Lahore attacks: 'Christians will not lose hope'

Christians in Pakistan will not lose hope in the wake of an attack which killed at least 70 on Easter Sunday, Christian Today was told on Monday.

It was the bloodiest attack on Christians in Pakistan in several years. Over 300 were injured in a suicide blast that rocked a children's playground in Lahore on Easter Sunday. Jamaat-ul-Ahrar, a Taliban faction group who claimed responsibility, said their target was Christians.

Mourners gather outside the park in Lahore where at least 70 were killed on Easter SundayReuters

It was the deadliest attack since a church bombing in Peshawar in 2013 killed 80. However the chairman of the British-Pakistani Christian Association (BPCA), Wilson Chowdhry, told Christian Today Christianity would continue to grow.

"Christians in Pakistan have suffered bomb attack after bomb attack. They are suppressed, beaten and their daughters are forced into marriages with Muslim men," he said.

"Have all these attacks ever dented their hope? No."

Bishop Michael Nazir-Ali, a British-Pakistani Anglican bishop echoed Chowdhry's remarks.

"The Christian community will not lose hope even under the most difficult of circumstances," he told BBC Radio 4's Today programme.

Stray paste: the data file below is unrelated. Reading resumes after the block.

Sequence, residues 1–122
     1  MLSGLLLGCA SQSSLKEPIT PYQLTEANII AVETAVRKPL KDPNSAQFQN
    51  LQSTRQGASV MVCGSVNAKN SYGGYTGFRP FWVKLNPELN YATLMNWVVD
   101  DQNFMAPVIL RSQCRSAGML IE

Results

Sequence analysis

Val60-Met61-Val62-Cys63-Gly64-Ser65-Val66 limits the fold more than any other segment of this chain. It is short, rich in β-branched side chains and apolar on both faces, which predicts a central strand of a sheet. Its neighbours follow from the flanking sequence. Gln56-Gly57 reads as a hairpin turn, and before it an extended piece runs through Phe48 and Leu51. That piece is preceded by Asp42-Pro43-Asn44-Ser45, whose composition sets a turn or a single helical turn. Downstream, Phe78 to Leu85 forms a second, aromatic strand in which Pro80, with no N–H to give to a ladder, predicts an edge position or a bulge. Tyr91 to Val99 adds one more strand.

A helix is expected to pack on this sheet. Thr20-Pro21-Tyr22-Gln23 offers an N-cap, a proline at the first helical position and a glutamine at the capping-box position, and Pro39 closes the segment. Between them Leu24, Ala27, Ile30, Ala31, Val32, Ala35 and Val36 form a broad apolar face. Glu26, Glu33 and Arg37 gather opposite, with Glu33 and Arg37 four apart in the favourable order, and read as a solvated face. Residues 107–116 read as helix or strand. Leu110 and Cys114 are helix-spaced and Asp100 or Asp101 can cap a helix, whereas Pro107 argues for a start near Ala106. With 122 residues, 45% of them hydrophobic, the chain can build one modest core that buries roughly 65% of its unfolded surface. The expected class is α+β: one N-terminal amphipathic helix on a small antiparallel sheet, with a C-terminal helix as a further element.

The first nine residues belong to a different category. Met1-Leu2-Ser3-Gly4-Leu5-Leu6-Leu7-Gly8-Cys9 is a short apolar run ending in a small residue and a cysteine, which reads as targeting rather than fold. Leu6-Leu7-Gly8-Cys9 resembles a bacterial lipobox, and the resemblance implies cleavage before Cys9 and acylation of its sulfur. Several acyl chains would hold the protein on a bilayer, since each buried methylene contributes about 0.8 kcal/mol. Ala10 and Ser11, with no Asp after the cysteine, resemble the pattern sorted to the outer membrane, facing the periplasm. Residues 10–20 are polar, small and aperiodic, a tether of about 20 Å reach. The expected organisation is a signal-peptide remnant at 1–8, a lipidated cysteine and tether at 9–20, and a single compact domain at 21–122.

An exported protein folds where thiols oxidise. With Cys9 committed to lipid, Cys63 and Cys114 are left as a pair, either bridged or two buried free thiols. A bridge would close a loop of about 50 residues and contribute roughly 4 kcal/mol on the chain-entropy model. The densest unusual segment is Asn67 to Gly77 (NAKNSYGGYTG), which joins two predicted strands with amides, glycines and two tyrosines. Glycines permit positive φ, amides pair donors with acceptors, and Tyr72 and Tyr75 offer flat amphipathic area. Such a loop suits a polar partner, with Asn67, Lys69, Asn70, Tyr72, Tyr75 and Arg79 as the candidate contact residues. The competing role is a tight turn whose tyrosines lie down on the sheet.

"Our God is a God who suffers with his people and out of that comes resurrection," he continued.

"We must retain hope in God."

On the same day as the attacks thousands gathered in Islamabad to protest the execution of Mumtaz Qadri who had shot Salman Taseer in 2011. Taseer had campaigned for reform of Pakistan's notorious blasphemy laws. He had also championed the cause of Asia Bibi, a Christian woman sentenced to death in a blasphemy case that arose out of a personal dispute.

The protestors have staged a sit in outside Islamabad's parliament and made a list of demands including the implementation of Sharia law and the immediate execution of Bibi, who remains on death row.

Chowdhry told Christian Today the attack should have been expected as tensions against Christians were significantly increased.

"Knowing Christians would be celebrating Easter in the parks, I can't understand why the government would not take precautionary measures," he told Christian Today.

"I am sure that this growing hatred of minorities in the wake of Mr Qadri's death was a trigger for today's blast," he said.

Lahore holds a large proportion of Pakistan's minority Christian population. Chowdhry said he thought this was why the militants targeted the city, which has until now been relatively free from terrorist attacks. 

However the Punjab government denied the attack was specifically targeted at Christians.

The Archbishop of Canterbury was among those to offer prayers for the victims.

Chowdhry urged supporters to pray for Pakistani Christians and has set up a fund to support the victims' families. You can find out more here.